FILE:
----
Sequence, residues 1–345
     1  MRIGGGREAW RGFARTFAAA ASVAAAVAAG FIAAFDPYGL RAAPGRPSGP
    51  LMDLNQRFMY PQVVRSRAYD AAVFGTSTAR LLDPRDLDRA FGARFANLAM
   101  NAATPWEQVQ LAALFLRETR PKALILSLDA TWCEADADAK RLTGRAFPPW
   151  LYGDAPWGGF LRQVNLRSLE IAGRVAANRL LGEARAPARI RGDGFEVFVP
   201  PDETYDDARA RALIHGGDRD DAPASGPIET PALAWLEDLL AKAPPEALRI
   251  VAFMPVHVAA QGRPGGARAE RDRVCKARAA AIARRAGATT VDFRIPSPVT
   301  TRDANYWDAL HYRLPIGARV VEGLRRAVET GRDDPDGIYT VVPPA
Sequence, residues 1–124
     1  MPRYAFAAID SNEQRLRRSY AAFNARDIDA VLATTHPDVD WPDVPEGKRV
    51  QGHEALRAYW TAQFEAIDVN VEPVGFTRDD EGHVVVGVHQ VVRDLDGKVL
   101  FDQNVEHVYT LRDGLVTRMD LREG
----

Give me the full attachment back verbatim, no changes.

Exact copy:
Sequence, residues 1–345
     1  MRIGGGREAW RGFARTFAAA ASVAAAVAAG FIAAFDPYGL RAAPGRPSGP
    51  LMDLNQRFMY PQVVRSRAYD AAVFGTSTAR LLDPRDLDRA FGARFANLAM
   101  NAATPWEQVQ LAALFLRETR PKALILSLDA TWCEADADAK RLTGRAFPPW
   151  LYGDAPWGGF LRQVNLRSLE IAGRVAANRL LGEARAPARI RGDGFEVFVP
   201  PDETYDDARA RALIHGGDRD DAPASGPIET PALAWLEDLL AKAPPEALRI
   251  VAFMPVHVAA QGRPGGARAE RDRVCKARAA AIARRAGATT VDFRIPSPVT
   301  TRDANYWDAL HYRLPIGARV VEGLRRAVET GRDDPDGIYT VVPPA
Sequence, residues 1–124
     1  MPRYAFAAID SNEQRLRRSY AAFNARDIDA VLATTHPDVD WPDVPEGKRV
    51  QGHEALRAYW TAQFEAIDVN VEPVGFTRDD EGHVVVGVHQ VVRDLDGKVL
   101  FDQNVEHVYT LRDGLVTRMD LREG